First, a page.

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This article has been peer reviewed. It is the authors' final version prior to publication in Coronary Artery Disease, April 2015

The published version is available at DOI: 097/MCA.0000000000000249. Copyright © Elsevier


OBJECTIVES: The aim of this study was to investigate whether prolongation of the heart rate-corrected QT interval (QTc) is an independent risk factor for predicting future acute coronary syndrome (ACS) occurrence or mortality in patients with at least one cardiac risk factor presenting with chest pain to the emergency department (ED).

METHODS: This is a single-center, retrospective study of patients presenting with chest pain to the ED of Einstein Medical Center, Philadelphia, between 2011 and 2012. Proportional hazards models were used to calculate hazard ratios (HRs) for occurrence of ACS or death within 1 year. Kaplan-Meier curves were used to determine the time to event for QTc low (<460 >ms) versus QTc high (≥460 ms) groups.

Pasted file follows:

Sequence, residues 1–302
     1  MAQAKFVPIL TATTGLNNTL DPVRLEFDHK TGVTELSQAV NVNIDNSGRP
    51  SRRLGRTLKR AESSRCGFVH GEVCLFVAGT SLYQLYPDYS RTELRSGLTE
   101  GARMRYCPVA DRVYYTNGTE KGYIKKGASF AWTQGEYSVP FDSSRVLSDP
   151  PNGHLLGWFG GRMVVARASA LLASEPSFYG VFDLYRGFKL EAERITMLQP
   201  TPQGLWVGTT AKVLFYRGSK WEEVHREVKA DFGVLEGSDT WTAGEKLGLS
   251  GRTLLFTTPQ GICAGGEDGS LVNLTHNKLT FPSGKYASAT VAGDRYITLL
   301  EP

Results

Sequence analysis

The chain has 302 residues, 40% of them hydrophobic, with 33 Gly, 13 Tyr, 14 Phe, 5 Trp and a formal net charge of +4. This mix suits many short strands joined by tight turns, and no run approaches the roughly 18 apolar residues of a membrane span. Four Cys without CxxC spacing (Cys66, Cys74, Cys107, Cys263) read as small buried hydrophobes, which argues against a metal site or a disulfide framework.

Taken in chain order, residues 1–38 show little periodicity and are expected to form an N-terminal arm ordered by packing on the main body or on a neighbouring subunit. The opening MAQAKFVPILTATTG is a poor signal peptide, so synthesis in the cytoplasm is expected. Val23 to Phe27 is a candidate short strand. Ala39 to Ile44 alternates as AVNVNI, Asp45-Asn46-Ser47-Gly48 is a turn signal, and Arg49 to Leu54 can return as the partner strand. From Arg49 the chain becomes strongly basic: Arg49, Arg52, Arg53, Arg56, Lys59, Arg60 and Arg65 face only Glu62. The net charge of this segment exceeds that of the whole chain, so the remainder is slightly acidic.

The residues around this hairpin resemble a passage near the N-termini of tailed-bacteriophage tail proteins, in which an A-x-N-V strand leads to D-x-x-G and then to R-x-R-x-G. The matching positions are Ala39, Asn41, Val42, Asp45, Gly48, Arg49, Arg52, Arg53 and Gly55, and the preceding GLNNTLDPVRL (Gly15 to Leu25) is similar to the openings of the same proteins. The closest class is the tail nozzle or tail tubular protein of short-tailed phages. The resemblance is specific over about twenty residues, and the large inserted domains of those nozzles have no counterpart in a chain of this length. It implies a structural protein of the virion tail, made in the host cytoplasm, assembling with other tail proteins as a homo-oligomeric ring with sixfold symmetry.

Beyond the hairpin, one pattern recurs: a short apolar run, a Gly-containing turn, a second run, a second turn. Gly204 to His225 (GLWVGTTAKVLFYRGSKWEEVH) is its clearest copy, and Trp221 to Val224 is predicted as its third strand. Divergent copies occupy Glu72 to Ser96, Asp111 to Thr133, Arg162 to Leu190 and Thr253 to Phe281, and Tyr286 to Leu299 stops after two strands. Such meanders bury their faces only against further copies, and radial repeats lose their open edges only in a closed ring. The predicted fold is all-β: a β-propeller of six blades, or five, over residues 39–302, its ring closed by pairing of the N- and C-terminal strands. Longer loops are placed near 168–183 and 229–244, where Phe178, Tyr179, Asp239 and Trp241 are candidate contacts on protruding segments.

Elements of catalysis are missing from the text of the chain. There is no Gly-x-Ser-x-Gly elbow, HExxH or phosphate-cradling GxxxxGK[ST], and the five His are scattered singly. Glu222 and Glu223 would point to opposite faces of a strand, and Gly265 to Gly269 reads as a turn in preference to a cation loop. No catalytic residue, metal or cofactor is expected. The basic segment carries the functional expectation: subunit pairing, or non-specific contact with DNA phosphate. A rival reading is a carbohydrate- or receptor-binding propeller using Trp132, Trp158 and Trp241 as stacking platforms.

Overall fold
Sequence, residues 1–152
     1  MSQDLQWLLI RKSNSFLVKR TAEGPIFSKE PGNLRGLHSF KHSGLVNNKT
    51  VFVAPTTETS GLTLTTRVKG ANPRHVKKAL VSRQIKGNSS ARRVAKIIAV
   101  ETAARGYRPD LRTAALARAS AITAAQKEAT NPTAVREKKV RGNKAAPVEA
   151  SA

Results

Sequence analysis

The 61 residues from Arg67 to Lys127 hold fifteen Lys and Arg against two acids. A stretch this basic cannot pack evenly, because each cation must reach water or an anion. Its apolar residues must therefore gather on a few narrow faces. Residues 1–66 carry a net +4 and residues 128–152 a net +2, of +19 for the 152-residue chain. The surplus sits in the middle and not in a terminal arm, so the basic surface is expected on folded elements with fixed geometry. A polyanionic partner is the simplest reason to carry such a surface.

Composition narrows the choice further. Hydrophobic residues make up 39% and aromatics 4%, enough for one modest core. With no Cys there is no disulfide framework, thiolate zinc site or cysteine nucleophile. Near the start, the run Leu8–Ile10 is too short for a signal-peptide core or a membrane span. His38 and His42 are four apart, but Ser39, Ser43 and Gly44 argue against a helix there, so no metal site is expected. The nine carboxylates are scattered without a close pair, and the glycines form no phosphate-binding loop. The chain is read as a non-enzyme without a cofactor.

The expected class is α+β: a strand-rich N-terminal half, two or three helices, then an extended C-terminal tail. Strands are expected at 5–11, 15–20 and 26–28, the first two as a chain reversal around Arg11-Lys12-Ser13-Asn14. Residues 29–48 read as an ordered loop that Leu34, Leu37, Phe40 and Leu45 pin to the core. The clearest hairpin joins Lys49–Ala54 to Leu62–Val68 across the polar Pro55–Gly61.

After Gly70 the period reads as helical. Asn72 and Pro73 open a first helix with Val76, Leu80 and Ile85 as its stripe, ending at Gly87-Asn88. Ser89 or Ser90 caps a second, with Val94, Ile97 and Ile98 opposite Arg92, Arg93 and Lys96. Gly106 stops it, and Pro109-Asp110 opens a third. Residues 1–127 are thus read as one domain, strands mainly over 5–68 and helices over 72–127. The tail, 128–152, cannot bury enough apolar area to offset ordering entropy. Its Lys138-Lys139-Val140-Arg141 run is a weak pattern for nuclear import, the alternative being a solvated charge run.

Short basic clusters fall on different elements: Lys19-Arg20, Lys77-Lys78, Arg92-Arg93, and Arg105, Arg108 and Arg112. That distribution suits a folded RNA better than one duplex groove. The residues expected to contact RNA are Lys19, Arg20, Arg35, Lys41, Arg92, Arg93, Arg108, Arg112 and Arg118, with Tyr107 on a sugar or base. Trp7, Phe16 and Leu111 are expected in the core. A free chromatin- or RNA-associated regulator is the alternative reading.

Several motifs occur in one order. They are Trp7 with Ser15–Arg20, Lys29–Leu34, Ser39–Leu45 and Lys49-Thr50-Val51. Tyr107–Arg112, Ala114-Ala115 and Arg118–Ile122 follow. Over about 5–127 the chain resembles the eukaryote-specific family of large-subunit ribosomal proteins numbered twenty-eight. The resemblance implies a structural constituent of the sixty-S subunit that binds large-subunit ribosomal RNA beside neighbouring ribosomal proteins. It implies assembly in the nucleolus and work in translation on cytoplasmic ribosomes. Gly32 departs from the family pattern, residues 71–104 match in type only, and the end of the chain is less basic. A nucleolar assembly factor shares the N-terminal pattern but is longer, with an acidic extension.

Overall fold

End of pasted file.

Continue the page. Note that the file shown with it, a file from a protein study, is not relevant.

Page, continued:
RESULTS: A total of 595 patients met the inclusion criteria. Older age, hypertension, diabetes mellitus, and hyperlipidemia were more common in the QTc high group. Patients in the QTc high group were more likely to experience subsequent ACS or death (HR 8.12, 95% confidence interval 4.00-16.72), even after adjusting for traditional cardiac risk factors (HR 7.68, 95% confidence interval 3.57-16.61).

CONCLUSION: QTc prolongation at ED presentation with chest pain and at least one cardiac risk factor predicts subsequent ACS and death.

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